And that's what you can use to motivate the people in your company.
So for example, if people care about business metrics, this is a competitive benchmarking chart where you can see a number of media sites and you can see, basically, the lines represent the different Start Render times for all these different properties.
This is gonna be a really motivating thing for probably somebody senior in your organization who just wants to make sure that you're faster than all your competitors, you show them this stack rank chart.
You can actually show this visualization in even more compelling ways like side-by-side filmstrip view which is really one of the awesome features in WebPageTest that you can generate filmstrips and you can see, oh, okay, well, we're really fast or we really suck, our competitors are much faster.
You can even generate side-by-side videos.
So again, another great WebPageTest feature where you can actually watch all of your property alongside your competitors' properties rendering side-by-side.
So the tools exist.
One thing I have to say about this feature, it's been around for years.
It's probably the single most motivating thing if you're early on trying to get people in your organization excited about performance, this is something that usually gets people to perk up and listen.
This is a correlation chart.
So again, for people who care about business metrics, you can look at your run data, and I don't know if you can make this out, the histogram is page load distribution so you can see most of the traffic low time is somewhere between one second and three seconds, and then there's a long tail there.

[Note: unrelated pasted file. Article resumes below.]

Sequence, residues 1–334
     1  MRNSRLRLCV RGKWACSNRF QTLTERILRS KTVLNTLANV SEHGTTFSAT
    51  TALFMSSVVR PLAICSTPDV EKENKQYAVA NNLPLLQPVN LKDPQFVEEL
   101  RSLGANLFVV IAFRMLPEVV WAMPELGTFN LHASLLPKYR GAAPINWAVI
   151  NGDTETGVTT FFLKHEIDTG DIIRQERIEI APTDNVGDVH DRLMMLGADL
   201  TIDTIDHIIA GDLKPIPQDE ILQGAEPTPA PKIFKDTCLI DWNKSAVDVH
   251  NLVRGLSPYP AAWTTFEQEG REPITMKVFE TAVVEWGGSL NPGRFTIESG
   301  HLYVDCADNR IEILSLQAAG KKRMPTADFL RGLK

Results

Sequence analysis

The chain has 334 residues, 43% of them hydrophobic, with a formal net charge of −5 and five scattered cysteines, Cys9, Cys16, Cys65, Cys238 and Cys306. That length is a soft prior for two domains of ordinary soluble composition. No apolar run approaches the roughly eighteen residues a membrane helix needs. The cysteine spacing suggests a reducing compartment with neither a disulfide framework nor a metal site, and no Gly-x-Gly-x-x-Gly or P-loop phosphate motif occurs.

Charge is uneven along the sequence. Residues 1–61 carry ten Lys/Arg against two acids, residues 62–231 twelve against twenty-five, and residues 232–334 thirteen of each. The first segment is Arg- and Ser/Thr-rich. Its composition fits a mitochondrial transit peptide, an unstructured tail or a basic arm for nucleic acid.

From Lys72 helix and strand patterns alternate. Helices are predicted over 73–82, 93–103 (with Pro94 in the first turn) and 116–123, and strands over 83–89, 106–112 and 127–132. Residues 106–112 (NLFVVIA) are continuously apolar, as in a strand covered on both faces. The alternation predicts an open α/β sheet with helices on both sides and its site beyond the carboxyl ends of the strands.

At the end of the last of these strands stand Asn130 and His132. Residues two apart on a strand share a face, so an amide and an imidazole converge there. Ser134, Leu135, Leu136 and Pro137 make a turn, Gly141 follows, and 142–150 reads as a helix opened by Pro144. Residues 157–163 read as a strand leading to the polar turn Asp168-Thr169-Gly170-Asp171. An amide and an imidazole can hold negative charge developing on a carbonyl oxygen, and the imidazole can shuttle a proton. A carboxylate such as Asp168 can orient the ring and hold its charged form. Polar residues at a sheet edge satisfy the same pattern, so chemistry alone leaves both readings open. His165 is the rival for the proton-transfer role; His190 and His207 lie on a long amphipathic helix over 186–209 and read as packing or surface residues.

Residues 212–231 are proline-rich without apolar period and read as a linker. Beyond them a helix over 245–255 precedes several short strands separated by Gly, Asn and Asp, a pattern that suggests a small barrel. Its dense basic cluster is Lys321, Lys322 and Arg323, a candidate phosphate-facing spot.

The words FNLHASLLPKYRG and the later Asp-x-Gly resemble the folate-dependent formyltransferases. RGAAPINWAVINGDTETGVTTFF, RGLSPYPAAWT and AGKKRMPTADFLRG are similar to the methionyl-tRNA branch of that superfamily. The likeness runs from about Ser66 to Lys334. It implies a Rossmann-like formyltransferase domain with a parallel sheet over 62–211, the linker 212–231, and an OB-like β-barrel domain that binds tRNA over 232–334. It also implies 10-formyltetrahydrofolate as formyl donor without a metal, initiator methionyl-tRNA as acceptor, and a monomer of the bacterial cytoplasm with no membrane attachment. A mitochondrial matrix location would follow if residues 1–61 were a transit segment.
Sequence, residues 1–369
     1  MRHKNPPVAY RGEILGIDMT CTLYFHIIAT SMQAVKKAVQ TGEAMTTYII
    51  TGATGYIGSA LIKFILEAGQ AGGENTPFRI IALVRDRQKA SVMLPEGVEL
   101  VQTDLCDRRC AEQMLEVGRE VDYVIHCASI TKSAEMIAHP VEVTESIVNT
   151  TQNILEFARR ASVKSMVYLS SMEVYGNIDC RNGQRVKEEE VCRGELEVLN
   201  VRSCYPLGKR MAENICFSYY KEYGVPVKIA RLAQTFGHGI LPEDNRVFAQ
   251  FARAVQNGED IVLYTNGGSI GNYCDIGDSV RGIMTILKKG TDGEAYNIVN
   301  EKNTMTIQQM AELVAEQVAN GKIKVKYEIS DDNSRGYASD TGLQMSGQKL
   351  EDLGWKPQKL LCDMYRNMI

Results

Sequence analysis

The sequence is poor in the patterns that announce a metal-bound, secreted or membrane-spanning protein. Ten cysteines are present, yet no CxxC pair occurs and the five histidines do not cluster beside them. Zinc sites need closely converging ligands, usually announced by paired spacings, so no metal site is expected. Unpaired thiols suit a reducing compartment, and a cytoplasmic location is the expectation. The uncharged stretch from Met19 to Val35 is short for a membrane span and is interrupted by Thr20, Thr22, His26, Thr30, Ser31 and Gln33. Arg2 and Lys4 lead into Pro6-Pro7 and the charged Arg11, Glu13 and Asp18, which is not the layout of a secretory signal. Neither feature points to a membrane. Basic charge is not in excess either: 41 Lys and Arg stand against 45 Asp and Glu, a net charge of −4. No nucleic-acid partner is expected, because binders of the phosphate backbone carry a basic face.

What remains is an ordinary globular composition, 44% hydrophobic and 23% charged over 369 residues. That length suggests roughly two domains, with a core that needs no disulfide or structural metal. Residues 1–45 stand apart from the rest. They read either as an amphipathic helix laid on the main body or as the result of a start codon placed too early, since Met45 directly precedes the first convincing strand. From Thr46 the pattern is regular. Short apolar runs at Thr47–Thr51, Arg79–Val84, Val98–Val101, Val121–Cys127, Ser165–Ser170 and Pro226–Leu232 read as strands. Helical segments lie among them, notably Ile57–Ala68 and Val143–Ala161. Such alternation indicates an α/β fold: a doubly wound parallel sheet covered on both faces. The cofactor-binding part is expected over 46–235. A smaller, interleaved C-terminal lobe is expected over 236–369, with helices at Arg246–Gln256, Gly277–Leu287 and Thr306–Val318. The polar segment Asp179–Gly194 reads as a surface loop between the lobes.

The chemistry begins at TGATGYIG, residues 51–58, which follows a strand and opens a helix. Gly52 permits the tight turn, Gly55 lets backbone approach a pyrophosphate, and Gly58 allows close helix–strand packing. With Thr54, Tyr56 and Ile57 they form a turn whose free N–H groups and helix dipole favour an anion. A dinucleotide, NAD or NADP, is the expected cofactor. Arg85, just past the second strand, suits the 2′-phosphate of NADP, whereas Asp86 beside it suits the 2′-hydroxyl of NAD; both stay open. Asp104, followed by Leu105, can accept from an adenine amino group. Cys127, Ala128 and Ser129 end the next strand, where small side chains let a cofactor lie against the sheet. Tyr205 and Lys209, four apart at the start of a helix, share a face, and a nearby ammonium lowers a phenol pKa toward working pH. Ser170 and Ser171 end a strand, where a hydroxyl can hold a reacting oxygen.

And then interestingly, you can see that conversions, our highest for the faster cohort of pages and then they drop down and they follow that long tail as they gets worse and worse. So this can be a really compelling graphic as well. If they care about user engagement.
So you can do the same thing and show people low time versus bounce rate. So you can see again, similar thing, the cohort of the histogram of low time distribution and then as pages get slower, bounce rate increases. For people who care about third parties, some really interesting stuff that's come up on the radar for a lot of people is just this idea that we can track various CPU metrics, and that CPU metrics actually have a lot to teach us about how third parties on our page are behaving and are they or aren't they hurting user experience? So you can look at metrics, like first, CPU idle which lets you know when the CPU is idle for a specific period of time, or first input delay which is how long it takes the page to respond to any actual user input to the page. And you can even track things like we have this happiness score that we do now at SpeedCurve where we actually take 10 metrics: Start Render, First Contentful Paint, a whole bunch of other things and bounce rate, and we divide up your traffic into what's the cohort of happy users versus okay users versus unhappy users.